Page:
NXP Semiconductors NV may significantly expand its manufacturing operations in Austin as companies rush to boost chipmaking capacity in the United States.
The Netherlands-based semiconductor producer is considering adding to either of the two large campuses it already has in the Texas capital. According to information presented to Austin Independent School District trustees on May 10, the company could invest $2.6 billion and create 750 to 800 jobs with an average annual salary of more than $100,000.
NXP (Nasdaq: NXPI) is also considering other locales for the project, site selection consultants told the AISD board. A final decision on where it will invest is expected in the fourth quarter of 2022, with construction slated to start in 2024 and operations at the new facility beginning in the fourth quarter of 2026.
NXP is seeking Chapter 313 incentives from the Austin school district. An estimate of the size of possible incentives was not immediately available. Chapter 313 of the Texas tax code allows school districts to cap the taxable value of a property for a portion of school taxes for up to 10 years, often saving companies tens of millions of dollars.
If NXP does choose Central Texas for the expansion, it would add to a rush of large semiconductor projects for the region. Samsung Electronics Co. Ltd. is set to develop a semiconductor plant — at least $17 billion in investment — in the small city of Taylor, and other companies have been looking to expand in the Austin area or place operations here.
Chapter 313 became a political issue during the 2021 Texas Legislature and was not renewed, meaning it is set to expire at the end of this year. The Texas comptroller has asked for applications to be submitted by June 1, further upping the pressure on companies hoping to make use of the tax breaks.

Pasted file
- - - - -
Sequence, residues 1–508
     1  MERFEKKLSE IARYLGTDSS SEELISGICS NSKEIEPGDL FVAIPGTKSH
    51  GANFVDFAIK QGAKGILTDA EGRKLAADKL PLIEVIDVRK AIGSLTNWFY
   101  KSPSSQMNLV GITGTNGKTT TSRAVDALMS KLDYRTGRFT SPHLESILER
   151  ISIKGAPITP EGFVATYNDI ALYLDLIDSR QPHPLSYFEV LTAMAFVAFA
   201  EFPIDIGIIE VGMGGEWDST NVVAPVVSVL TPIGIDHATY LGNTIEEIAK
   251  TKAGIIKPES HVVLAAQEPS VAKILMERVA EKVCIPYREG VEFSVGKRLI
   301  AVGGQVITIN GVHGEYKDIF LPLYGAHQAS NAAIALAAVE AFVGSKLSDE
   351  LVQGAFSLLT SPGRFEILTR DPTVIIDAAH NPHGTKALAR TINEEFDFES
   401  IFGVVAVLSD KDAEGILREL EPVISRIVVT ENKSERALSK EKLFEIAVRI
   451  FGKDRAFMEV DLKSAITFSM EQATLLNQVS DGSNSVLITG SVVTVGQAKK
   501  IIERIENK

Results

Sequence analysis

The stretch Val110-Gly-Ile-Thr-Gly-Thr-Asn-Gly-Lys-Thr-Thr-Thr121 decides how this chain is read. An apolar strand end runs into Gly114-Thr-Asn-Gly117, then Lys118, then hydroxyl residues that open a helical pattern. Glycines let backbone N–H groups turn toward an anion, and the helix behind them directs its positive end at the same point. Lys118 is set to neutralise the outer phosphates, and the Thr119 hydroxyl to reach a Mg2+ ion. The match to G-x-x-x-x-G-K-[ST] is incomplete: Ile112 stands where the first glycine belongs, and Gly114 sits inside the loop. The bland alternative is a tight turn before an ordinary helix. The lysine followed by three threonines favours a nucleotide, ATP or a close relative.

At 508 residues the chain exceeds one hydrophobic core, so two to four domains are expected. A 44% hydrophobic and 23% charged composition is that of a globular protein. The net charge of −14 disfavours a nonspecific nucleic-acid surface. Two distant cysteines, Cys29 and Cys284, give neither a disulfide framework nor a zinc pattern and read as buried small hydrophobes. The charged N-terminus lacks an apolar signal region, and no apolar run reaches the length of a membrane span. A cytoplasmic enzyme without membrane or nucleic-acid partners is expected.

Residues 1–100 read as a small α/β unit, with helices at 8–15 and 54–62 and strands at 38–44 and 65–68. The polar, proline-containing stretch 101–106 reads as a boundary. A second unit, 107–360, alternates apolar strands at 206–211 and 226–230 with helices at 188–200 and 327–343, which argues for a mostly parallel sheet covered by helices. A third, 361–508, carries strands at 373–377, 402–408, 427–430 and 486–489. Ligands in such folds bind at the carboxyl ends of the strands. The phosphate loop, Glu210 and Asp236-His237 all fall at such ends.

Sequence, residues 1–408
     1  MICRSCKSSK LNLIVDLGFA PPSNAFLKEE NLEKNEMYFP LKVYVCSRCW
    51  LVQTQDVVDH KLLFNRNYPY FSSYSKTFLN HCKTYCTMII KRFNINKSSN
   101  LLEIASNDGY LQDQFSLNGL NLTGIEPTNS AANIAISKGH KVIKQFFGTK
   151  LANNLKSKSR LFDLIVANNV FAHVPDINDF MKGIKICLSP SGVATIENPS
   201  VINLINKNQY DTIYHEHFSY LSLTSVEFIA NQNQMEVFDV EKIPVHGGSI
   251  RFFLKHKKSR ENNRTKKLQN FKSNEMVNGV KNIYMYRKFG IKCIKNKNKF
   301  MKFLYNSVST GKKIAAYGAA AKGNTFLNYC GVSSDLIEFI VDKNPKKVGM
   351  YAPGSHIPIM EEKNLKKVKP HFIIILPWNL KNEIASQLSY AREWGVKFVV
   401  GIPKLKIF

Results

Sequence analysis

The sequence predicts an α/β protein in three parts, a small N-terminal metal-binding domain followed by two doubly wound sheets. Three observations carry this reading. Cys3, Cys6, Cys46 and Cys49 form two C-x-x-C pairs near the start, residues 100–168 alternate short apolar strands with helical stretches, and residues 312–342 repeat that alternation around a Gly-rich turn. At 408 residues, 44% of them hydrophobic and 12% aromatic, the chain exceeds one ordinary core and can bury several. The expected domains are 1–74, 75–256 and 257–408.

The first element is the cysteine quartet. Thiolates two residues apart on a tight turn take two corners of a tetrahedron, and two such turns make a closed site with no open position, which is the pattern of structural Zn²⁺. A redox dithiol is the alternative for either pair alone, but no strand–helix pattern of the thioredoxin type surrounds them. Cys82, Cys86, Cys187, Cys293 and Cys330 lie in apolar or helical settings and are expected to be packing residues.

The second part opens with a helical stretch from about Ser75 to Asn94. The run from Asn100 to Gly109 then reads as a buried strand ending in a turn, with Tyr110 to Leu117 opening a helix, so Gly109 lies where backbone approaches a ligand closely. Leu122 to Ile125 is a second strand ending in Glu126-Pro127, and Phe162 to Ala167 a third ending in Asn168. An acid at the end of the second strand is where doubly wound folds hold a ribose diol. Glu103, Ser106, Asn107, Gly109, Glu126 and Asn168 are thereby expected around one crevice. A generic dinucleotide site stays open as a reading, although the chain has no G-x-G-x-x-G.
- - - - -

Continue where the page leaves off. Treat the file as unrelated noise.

Only new manufacturing or renewable energy projects are eligible for Chapter 313 incentives, which have been used sparingly in the Austin area. However, they have become more popular as of late: Samsung was last year approved for Chapter 313 incentives, and Tesla Inc. was also approved for them for its electric vehicle plant in eastern Travis County. Infineon Technologies AG is seeking them as it considers expanding its Southeast Austin semiconductor plant, while Applied Materials Inc., a major supplier to the semiconductor sector, has applied for Chapter 313 incentives in Hutto.
Through mergers, NXP has a longstanding presence here. Its existing facilities are in Southwest Austin on West William Cannon Drive, which is also its U.S. headquarters, and in far East Austin on Ed Bluestein Boulevard. The site selection consultants said NXP has about 1,300 employees in the Austin area. The company arrived in Austin in 2015 when NXP purchased Freescale Semiconductor, which had previously spun off from Motorola. NXP recorded 2021 revenue of $11 billion and had about 31,00 employees at the end of last year. It makes chips used in cars, mobile phones, communications infrastructure and other products, and has other semiconductor factories in places such as Arizona, Singapore and the Netherlands.
Representatives for NXP touted community benefits to Austin ISD trustees, including the many construction jobs that would be supported by the expansion and chances for the company to work with the district on internships and other educational programs. The AISD board did not vote on the application on May 10 but could do so at its next regular meeting on May 19.
NXP also hopes to receive funding through the Creating Helpful Incentives to Produce Semiconductors for America Act. The CHIPS Act, currently pending before Congress, could provide $52 billion in funding to boost domestic semiconductor production.
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